Following Tesla, Musk’s SpaceX and Starlink Hike Prices Due to ‘Rising Inflation’

Elon Musk arrives at New Castle County Courthouse, Wilmington, DE, USA - 13 Jul 2021
Rick Kaufman / London Entertainment / Shutterstock.com

First it was Tesla. Now it’s SpaceX. The company has announced it is raising prices for rocket launches and its Starlink satellite internet service, citing “excessive levels of inflation” affecting both businesses.

See: Inflation Is the Single Most Important Business Problem: Here’s How 5 Small-Business Owners Are Adjusting
Find: Elon Musk’s Tweets Will Remain Subject to SEC Approval

Both Tesla and SpaceX’s price hikes come on the heels of Elon Musk’s March 14 tweets in which he asked his followers: “What are your thoughts about probable inflation rate over next few years?” He added in a subsequent tweet, “Tesla & SpaceX are seeing significant recent inflation pressure in raw materials & logistics,” as GOBankingRates previously reported. 

Per an email obtained by CNBC, SpaceX sent notices to Starlink users and deposit holders noting the higher prices.

“The sole purpose of these adjustments is to keep pace with rising inflation,” the Starlink email read.

CNBC reports that Starlink’s baseline monthly service price will increase by 11%, to $110 from $99 per month, effective May 21. The price of the baseline Starlink hardware will jump by 10%, to $549 from $499, for users who placed a deposit but are on SpaceX’s waiting list for service.

Make Your Money Work Better for You

For new orders, the company increased the base hardware price by 20%, to $599 from $499, CNBC added.

Earlier this month, the cost of some Tesla models increased by a range of 4% to 7%, with the price of a rear-wheel-drive Tesla Model 3 now at $47,000 — up from about $45,000. Dual-motor long-range and performance versions are now about $54,500 and $62,000, respectively. Those prices moved up by about $3,500 and $3,000, respectively. A long-range Model Y now starts at about $63,000, up from $59,000. The performance version now starts at about $68,000, up from $64,000, Barron’s reports.

SpaceX exec Tom Ochinero told CNBC the price increases were “long overdue and it’s just the cost of everything. I don’t even think that covers the cost of everything we’re experiencing, everything from helium to gas to my humans — you got to pay people so much now, it’s such a competitive market.”

Learn: Tesla Hikes Prices as Musk Says There is ‘Inflation Pressure on Raw Materials’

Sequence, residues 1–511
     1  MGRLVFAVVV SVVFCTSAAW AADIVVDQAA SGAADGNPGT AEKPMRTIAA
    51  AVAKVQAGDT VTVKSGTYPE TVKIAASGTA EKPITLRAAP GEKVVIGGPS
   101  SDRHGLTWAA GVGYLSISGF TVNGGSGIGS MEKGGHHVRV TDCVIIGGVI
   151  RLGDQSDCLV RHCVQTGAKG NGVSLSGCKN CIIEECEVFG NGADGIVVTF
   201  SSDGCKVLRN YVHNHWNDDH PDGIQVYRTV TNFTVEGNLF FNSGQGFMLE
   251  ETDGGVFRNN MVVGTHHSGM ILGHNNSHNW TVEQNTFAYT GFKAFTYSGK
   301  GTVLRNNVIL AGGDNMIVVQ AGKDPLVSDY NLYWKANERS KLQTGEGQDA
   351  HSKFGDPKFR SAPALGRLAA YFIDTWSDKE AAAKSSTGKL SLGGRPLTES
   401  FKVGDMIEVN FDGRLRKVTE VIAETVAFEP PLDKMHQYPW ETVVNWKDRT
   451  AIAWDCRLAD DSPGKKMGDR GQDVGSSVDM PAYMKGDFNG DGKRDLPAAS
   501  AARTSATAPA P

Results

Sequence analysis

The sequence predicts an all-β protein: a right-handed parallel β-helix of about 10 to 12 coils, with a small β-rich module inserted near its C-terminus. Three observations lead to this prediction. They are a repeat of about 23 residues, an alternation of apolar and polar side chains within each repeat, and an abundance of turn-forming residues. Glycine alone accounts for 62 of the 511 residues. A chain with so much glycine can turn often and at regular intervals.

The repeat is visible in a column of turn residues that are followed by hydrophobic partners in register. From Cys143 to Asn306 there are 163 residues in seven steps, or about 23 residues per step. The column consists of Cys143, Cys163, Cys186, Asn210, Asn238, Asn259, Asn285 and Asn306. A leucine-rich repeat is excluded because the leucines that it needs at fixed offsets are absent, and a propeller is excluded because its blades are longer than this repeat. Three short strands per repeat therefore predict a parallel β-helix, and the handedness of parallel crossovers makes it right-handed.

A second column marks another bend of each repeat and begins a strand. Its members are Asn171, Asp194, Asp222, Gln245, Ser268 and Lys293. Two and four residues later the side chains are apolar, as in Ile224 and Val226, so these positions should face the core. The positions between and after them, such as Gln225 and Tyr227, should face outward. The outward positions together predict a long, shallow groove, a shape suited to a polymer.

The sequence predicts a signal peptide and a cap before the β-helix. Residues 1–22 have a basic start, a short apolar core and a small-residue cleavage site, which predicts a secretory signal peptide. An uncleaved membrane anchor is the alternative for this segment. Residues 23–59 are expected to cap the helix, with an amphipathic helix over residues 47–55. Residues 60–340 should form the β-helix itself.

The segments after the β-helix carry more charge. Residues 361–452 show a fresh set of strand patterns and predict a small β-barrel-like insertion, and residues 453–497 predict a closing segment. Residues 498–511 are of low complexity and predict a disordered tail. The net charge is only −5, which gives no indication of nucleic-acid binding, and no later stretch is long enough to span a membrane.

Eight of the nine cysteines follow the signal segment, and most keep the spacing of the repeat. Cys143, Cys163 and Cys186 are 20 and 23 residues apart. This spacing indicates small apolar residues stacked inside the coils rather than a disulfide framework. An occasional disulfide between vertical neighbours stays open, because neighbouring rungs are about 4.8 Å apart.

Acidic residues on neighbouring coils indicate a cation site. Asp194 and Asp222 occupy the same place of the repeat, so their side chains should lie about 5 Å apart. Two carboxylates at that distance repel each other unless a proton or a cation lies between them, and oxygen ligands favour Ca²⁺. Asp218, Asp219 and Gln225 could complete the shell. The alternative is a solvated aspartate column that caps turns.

Explore: Elon Musk’s Starlink Satellites Arrived in Ukraine

Make Your Money Work Better for You

SpaceX also raised prices across its launch business, with increases affecting everything from wholesale rocket purchases to small satellites hitching a ride to orbit, CNBC added. Now, the starting prices for a Falcon 9 or Falcon Heavy rocket will each increase by about 8%. A Falcon 9 launch will cost $67 million, up from $62 million, and a Falcon Heavy launch will now run $97 million, up from $90 million.

Share this article:

About the Author

Yaël Bizouati-Kennedy is a full-time financial journalist and has written for several publications, including Dow Jones, The Financial Times Group, Bloomberg and Business Insider. She also worked as a vice president/senior content writer for major NYC-based financial companies, including New York Life and MSCI. Yaël is now freelancing and most recently, she co-authored  the book “Blockchain for Medical Research: Accelerating Trust in Healthcare,” with Dr. Sean Manion. (CRC Press, April 2020) She holds two master’s degrees, including one in Journalism from New York University and one in Russian Studies from Université Toulouse-Jean Jaurès, France.

Best Bank Accounts of August 2022

Untitled design (1)
Close popup The GBR Closer icon

Sending you timely financial stories that you can bank on.

Sign up for our daily newsletter for the latest financial news and trending topics.

Loading...
Please enter an email.
Please enter a valid email address.
There was an unknown error. Please try again later.

For our full Privacy Policy, click here.